Embedded Systems December 2000 Vol13_13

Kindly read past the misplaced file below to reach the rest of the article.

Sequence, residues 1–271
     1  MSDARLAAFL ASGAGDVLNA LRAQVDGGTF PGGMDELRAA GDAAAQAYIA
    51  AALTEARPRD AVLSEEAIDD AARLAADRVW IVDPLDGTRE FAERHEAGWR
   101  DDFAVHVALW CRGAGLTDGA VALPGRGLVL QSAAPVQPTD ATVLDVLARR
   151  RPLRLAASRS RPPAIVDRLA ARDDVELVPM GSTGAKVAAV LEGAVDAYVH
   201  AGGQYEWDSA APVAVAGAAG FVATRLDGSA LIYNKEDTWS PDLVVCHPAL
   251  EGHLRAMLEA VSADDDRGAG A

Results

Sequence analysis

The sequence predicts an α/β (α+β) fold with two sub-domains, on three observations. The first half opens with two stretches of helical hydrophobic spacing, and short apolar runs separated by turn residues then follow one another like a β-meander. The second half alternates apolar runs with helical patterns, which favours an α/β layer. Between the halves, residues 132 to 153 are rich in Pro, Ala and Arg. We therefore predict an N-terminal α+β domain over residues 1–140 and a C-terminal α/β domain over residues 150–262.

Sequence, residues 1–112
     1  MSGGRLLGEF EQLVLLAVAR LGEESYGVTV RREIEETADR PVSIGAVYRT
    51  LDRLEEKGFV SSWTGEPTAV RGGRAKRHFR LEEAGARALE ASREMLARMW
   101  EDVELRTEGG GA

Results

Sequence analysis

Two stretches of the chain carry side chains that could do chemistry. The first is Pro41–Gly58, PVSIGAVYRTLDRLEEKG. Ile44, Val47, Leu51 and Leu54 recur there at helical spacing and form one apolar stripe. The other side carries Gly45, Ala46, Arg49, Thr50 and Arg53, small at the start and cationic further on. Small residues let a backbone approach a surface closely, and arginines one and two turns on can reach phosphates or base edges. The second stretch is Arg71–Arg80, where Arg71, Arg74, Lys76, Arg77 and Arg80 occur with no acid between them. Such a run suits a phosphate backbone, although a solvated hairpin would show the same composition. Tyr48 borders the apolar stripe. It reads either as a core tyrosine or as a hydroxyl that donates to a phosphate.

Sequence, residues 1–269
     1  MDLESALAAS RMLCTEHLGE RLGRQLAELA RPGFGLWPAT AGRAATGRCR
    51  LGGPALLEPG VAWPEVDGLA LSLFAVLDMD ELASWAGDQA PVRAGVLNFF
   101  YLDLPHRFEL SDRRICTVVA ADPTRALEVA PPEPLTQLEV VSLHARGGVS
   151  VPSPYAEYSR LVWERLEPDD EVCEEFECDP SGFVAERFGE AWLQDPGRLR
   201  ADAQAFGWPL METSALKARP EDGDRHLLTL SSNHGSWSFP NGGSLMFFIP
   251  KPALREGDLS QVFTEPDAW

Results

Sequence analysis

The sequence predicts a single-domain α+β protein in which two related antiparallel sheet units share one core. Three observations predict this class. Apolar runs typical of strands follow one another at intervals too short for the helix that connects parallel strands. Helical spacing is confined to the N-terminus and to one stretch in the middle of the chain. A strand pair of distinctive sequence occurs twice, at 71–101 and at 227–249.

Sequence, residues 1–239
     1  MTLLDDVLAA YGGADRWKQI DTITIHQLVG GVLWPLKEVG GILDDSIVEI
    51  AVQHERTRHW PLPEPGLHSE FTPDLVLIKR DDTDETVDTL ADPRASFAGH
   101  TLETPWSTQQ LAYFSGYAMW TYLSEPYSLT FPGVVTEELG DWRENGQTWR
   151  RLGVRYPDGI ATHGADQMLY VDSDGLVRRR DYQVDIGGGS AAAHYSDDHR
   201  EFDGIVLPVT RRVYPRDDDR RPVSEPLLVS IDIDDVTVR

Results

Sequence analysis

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Don Morgan A Translation Point Initially, the introduction of the digital signal processor (DSP) into motion control was meant to solve problems relating to fl exibility, size, precision, cost, and ease of mainte- nance in the moti on control and dri ve. The DSP made it possible to replace a great deal of expensive and to uchy analog circuitry with more sta- ble and much more malleable digital circuitry. This meant tha t a math engin e became th e brain of the con- troller and the engineer was able- thro ugh software-to accomplish any transfe r fun ction that an analog con- trolle r was capable of doing, and much mo re. Once manufacture rs realized an inte rest in DSP fo r moti on control exis ted , th ey in creased o n-chip capabiliti es and speeds. It is no t uncommo n now to find DSPs with o ne o r mo re a nalog-to-digita l con- ve rte rs on board, as well as en code r counte rs and hardwa re PWM ge ne r- a ti o n. It's possibl e to create a ve ry o phi ti cated mo tio n controll e r using j ust a DSP, some memory, and logic e leme nts. This kind of density is possible because the DSP now performs so many of ule activities that llsed to requi re sepal-ate equipment, boards, processors, or l es. In ulis column, we will examine some of ule oUler duties Ulat the DSP can pel-form while con- trolling ule motor. We will start by re- introducing concepts from trigonome- u]' and show how they allow the DSP to replace such ancillary circui ts as the resolve r-to-digital (RTD) conversio n and to perform sinusoidal encoder interpolation. Trigonometry Figure 1 is an illustration of a pair of right triangles supel-imposed on a cir- cle WiUl ule angle a originating at the center. Trigonomeu-ic fun ction are ratios based on angles. Fo r example, the sine of the angle a is ule ratio of the opposite side (y) to th e hypotenuse on the smaller triangle, while the cosine of the angle a is the DSPs can replace a great deal of analog circuitry, while offering better stability and configurability. Basic trigonometry might give you some ideas. ratio of the adjacent side (x) to the hypotenuse. Another useful ide ntity is th e tan- gent. In the figure, the tangent touch- es the circle at only one point, where the radius meets the unit circl e. The tangent is pel-pendicular to the radius and stretches between this point and where it would meet the hypotenuse if th e hypotenuse were exte nded beyond the unit circle. The tangent of a is the ratio of y to x. It is also possible to write the tan- gent fun ction as: tan a = sin a cosa What we derive from th e forwa rd u-igonometric fun ctions of angles are magnitudes. The inverse fun ctio ns- a rcsin e, a rccosin e, and a rcta ngent-o n th e with Y = sin a and x = cos a. What we recover from ulis fun ction is an angle. These relationships are remarkably useful. Because uley provide such a simple u-anslation point between a lin- ear and rotal], viewpoint, you will find Ulem useful in un to ld engin eering applications; we will see some in this column. A common signal processing application In sign al processing fo r instance, the trigonome tri c functio ns are a sta n- da rd part o f ma ny bilinear tra nsform algori th ms. Digi tal filte rs are based upon finite arithme ti c with a finite sample ra te; th e co rn er freque ncie (3dB po in t frequencies) of digital fil- te rs bear a highly non-linear rela- tionship to continuous tim e corn e r frequencies. We can warp a n a nalog Embedded Systems Programming DECEMBER 2000 165 oth er hand, a re angles. Yo u read ta n-I z (or arctan z), for instance, as "tan-1 z is a n angle whose tange nt is z." In th e fi gure, if we know th e le ngth of the side marked as ta n, we can find a by performing th e a rct- a ngent fun cti on. We may write thi s as:

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